14. Religious prospects in regard to this people seem extremely dark. I never perhaps realized more sensibly what the Sacred Scriptures mean by dry bones.

16. In the evening we heard and felt very sensibly an earthquake, which, we have since learned, almost ruined the district of Cutch, situated at the north of this. It was not observed by all the natives here; but it engrossed much of their conversation for several days.

They suppose that earthquakes portend some great calamity: such as famine, pestilence, or war. And they often wished to know my thoughts on the subject. I told them that it was thought by some, that great earthquakes and other heavy judgments would introduce the day, when all nations should yield to the Gospel

. But that they were always designed to show men, and make them sensibly to understand, that Jehovah has a perfect control of the world, and governs it at his pleasure.

22. As I was going over to Salsette, there being very many passengers in the boat, I attempted to address them, but was prevented from doing it to any purpose by the cavilling of an individual, who was passing. But when I returned There were 60 or 70 passengers who were quite attentive to my remarks.

24. Met with a man, who had several times heard me with some attention, : but had always refused to take or read any tracts. After the usual salutation, I : said, what fruit is this lying here. "It is a wild fruit,” said he, "which, if eaten, * is very injurious, and children finding it are very apt to eat it, for there is a pe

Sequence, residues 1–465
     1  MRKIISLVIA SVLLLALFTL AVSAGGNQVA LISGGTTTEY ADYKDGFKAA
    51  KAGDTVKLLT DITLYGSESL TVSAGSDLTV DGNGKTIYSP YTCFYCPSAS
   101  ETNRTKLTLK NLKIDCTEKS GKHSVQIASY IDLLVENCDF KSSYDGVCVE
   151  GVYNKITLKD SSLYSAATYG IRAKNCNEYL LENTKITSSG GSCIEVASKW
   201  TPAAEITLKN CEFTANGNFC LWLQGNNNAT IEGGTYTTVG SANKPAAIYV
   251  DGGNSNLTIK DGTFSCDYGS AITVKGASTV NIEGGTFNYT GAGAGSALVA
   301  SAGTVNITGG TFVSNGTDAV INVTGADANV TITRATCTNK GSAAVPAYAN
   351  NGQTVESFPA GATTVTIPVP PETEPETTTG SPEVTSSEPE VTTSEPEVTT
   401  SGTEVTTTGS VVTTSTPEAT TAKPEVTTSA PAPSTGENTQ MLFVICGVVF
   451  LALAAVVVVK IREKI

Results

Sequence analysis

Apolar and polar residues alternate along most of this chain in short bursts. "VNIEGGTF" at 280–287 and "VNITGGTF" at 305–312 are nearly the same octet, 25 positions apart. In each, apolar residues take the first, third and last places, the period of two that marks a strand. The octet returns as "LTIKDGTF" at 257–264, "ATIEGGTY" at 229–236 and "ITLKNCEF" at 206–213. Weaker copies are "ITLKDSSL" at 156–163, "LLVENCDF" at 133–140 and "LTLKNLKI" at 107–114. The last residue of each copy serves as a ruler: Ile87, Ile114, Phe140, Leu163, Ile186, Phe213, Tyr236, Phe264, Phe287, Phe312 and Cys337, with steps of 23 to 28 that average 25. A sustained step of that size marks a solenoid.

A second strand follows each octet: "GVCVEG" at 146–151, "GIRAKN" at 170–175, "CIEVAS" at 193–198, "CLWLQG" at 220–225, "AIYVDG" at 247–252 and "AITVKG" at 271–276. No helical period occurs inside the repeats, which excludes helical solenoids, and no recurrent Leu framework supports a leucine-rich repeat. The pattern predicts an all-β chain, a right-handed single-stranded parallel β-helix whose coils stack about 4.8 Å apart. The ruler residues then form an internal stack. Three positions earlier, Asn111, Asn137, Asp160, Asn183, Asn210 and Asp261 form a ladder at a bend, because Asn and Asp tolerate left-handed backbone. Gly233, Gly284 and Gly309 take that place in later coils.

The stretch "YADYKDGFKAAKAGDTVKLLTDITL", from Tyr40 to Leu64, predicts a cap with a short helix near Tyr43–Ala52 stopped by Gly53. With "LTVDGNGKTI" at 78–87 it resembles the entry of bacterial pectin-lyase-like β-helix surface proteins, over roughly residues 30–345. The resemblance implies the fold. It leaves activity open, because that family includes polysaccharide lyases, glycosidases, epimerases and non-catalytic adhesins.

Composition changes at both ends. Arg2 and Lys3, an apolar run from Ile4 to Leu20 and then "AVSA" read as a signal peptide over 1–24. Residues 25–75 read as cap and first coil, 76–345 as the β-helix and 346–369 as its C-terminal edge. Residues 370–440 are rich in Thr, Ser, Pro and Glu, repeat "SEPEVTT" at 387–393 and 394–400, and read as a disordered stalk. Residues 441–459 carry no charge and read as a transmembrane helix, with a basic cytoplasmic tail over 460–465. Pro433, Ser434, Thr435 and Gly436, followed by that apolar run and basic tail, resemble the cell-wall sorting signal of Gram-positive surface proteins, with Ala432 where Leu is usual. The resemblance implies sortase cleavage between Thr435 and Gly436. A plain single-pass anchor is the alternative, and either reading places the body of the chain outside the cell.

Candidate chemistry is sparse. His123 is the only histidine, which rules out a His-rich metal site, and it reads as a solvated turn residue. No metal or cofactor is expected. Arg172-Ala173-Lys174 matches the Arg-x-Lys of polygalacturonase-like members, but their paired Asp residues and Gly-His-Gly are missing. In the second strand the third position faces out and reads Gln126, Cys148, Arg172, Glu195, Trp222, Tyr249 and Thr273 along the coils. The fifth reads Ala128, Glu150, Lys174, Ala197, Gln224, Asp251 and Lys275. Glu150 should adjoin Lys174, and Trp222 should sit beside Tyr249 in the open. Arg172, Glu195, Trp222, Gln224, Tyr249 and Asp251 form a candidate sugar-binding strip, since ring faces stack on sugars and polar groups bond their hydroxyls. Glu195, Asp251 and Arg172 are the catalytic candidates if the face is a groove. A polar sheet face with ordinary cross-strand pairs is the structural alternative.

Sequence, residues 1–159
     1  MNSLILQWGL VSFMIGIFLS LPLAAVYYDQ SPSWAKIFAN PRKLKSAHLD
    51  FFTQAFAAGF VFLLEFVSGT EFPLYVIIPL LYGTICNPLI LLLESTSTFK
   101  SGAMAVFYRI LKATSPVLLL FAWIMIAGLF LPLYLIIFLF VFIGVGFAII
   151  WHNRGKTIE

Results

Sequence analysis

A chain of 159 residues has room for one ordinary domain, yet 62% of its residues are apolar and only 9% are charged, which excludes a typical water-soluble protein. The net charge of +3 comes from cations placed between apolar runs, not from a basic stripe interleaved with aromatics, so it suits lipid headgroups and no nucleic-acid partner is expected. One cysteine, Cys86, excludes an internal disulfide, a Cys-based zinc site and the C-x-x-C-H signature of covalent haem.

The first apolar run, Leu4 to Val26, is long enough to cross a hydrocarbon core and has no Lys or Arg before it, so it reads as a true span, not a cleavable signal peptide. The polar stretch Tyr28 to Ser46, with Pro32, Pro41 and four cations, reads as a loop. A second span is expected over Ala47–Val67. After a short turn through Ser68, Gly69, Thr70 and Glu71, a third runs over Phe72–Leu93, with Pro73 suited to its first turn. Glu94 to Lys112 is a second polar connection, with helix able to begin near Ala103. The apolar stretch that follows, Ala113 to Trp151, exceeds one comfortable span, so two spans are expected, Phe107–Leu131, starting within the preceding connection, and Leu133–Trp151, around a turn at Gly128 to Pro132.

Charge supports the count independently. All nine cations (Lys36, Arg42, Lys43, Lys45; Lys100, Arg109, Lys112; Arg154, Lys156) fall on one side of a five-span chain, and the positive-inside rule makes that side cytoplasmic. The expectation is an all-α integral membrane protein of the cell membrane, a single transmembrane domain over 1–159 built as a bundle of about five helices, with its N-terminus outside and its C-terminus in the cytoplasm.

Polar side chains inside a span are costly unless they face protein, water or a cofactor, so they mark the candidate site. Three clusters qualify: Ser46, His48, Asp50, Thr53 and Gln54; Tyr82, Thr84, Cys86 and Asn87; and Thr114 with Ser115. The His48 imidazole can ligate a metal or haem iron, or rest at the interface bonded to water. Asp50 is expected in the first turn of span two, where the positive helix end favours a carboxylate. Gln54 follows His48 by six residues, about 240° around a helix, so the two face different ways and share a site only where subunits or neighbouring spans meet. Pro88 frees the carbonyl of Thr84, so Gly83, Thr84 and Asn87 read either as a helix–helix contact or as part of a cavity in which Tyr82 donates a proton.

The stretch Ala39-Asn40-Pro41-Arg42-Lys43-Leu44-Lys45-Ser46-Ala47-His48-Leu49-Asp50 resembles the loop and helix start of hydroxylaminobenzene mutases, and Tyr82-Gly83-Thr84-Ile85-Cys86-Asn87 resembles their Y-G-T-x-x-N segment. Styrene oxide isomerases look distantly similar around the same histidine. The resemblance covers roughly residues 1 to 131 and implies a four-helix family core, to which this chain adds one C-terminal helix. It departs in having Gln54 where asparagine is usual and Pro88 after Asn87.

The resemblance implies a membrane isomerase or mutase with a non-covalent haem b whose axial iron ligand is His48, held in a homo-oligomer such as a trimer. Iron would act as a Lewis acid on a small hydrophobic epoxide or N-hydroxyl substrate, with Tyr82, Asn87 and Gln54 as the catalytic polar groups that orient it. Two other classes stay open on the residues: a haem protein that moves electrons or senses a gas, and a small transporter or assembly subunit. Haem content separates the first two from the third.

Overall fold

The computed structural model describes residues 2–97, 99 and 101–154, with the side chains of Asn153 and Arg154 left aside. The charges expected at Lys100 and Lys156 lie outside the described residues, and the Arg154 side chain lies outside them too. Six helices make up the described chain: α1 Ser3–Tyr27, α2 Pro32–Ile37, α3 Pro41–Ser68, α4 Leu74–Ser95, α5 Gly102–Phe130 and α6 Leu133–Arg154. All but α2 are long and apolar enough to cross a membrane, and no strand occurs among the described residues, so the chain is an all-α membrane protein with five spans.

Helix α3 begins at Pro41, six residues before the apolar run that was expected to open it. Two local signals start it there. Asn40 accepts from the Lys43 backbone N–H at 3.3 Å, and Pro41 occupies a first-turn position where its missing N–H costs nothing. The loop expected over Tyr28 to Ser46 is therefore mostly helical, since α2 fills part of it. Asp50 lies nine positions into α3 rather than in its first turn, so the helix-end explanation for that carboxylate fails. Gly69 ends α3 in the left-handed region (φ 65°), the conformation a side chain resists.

culiar sweetness in it." Well, said I, it is just so with sin; it is very pleasing at first, but its end is misery. "Who knows that in these dark times?". God knows it, and he has revealed it. Your idolatry is very agreeable to you, but when God comes to punish you then it will be dreadful. But how can we forsake the religion of our fathers, and adopt a foreign one?" Why examine, and see if it is right or wrong; if wrong it ought to be forsaken. Then forsake it; why not? All religions cannct be true, because they contradict each other. Now observe

one reason, by which I know mime to be true, is, that it does not please, at first a sight. If it were pleasant to all, especially to bad men, I should know it to be

false, and in favor with sin. But it differs from all others in its opposition to sin, 2 therefore it must be true. This is indeed a fearful saying, that all without faith in

Christ are hasting to hell. Therefore I warn you to take heed; and for your 2 own good I make a small request, that you will take and read this little book; 1 it is short. "Well" said he, "I will read it and see."

29. In returning from the school in P-, I conversed with those into whose a company I fell. Two persons gave a particular attention. One of them was

carrying a lad, his son, who was unwell. From his seeming tenderness, I took

occasion to speak of the mercy of God in a Savior. Then I told them, that at Es the approaching day of judgment that Savior would fix forever all the destinies

of men, according to their moral characters; and I gave them to understand the Dawful nature of their doom without repentance and faith in Jesus. One of them but said, "While you were speaking, the hair of my flesh stood upright, and all things

of this world seemed trifles." Well, said I, they are so indeed; for how long is our life, and then how long is the fixed state of eternity? And I assure you, I

have not spoken these things from my own mind. God, the true God, has given pre a book with infallible testimony, containing these things more fully, so that they sa are indeed infinitely interesting realities.